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CEMESP hosts dialogue on media security

(CEMESP/IFEX) - Monrovia, April 11, 2011 - The Center for Media Studies and Peace Building (CEMESP), with support from the National Endowment for Democracy, has concluded a one-day media and security dialogue in Monrovia.

Speaking at the day's event on April 7, 2011, CEMESP Executive Director Malcolm Joseph said the forum was intended to discuss and find a way forward against the persistent wave of brutality meted out against journalists carrying out their duties.

Mr. Joseph indicated the program was initiated in 2009 to address the growing wave of security attacks on journalists. He believes the continual acrimonies between journalists and state security are based on ignorance. In his keynote address, Liberia's Associate Justice Cllr. Kabineh Ja'neh said journalists covering court proceedings are only allowed to report on the procedure and must refrain from handing down a perceived verdict.

He considers reporting on cases and offering opinions to be pre-judicious and contemptuous under the laws of Liberia. Addressing a cross-section of media and security personnel present at the dialogue, Justice Ja'neh maintained that Liberia's constitution exonerates no one who violates the law.

Citing article 15 of the Liberian constitution, which protects the right to freedom of expression, he reminded the press about the abuse thereof. "Writing on a court matter can be done in a reasonable limit as cases are determined based on procedure and merits."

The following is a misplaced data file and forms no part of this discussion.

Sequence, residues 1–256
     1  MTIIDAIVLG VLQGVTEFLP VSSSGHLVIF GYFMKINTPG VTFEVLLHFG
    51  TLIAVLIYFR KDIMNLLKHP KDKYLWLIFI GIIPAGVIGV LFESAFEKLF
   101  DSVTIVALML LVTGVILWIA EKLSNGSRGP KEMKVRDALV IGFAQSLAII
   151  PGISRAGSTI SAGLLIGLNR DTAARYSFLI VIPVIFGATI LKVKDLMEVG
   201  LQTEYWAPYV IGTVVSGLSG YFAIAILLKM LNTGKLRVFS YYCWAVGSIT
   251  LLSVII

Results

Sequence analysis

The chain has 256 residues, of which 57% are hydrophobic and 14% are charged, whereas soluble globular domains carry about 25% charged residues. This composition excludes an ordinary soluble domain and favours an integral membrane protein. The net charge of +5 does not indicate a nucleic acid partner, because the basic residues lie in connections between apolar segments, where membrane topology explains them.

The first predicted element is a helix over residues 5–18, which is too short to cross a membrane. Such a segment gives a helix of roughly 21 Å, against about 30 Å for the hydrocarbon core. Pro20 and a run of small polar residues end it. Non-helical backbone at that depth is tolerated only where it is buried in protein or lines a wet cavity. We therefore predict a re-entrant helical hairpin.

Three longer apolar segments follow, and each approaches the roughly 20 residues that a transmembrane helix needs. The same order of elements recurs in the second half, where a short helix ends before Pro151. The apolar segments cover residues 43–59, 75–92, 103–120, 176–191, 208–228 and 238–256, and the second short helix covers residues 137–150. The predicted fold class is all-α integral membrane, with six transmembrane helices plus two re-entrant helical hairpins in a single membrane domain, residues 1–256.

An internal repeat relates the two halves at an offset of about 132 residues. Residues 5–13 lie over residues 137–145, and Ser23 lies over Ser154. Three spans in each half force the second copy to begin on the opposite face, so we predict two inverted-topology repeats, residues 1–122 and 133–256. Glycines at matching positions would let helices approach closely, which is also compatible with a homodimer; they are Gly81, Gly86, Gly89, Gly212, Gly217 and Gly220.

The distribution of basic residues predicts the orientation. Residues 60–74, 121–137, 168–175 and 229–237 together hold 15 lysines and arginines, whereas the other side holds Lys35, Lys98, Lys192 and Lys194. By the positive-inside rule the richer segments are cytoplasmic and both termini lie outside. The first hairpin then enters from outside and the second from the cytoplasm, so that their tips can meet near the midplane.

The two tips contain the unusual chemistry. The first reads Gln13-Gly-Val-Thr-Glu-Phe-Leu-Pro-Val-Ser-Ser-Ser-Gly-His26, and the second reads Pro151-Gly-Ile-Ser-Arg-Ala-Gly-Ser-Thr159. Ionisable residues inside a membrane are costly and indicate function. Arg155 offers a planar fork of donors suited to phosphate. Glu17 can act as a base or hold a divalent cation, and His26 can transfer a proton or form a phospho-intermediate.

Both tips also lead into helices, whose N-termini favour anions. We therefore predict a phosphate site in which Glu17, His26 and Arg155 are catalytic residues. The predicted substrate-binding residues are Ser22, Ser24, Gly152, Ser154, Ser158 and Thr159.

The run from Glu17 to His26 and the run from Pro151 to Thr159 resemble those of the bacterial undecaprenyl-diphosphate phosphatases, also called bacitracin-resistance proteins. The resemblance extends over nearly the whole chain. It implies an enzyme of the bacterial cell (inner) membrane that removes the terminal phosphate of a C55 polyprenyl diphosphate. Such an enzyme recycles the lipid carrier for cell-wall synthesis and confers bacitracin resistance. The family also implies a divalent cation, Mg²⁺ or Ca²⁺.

Ja'neh also pointed out two reasons for the recent decision by the Supreme Court to incarcerate "Front Page Africa"'s editor–in-chief, Rodney Sieh, noting that his "action was a reckless disregard of the truth" and "a complete contravention of the Press Union of Liberia's code of conduct". He then accused journalists of running the court in their newspapers. Associate Justice Ja'neh spoke on the theme, "Strengthening Media Freedom to further Democracy in Liberia".

Also making remarks at the day's forum, Press Union of Liberia President Peter Quaqua said he viewed the 30-day sentence againt Sieh as heavy-handed. Mr. Quaqua condemned the use of force by state security in an attempt to disperse peaceful citizens who assembled to express their grievances. He added that journalists who cover such incidents stand the risk of being beaten as well.

"While it is true that police have their roles and responsibilities, they should not create conditions that will prevent journalists from obtaining their news, " Quaqua said.

Information Minister Cletus Sieh said that he believes media freedom should occupy a greater portion of Liberia's national existence as the country goes through 2011 general and presidential elections in October. Minister Sieh warned that no society functions well when the security and the press are at loggerheads as a good media environment paves the way for a secure state. "The Government of Liberia has given unprecedented support to the Liberian media," he said.

He admitted that capacity building opportunities have been awarded to his ministry staff but promised to revisit his action and focus on the general media community. The government Chief Spokesman wants journalists to exert themselves.

The program brought together security and media practitioners. It was supported by the National Endowment for Democracy and convened at the YMCA in Monrovia.

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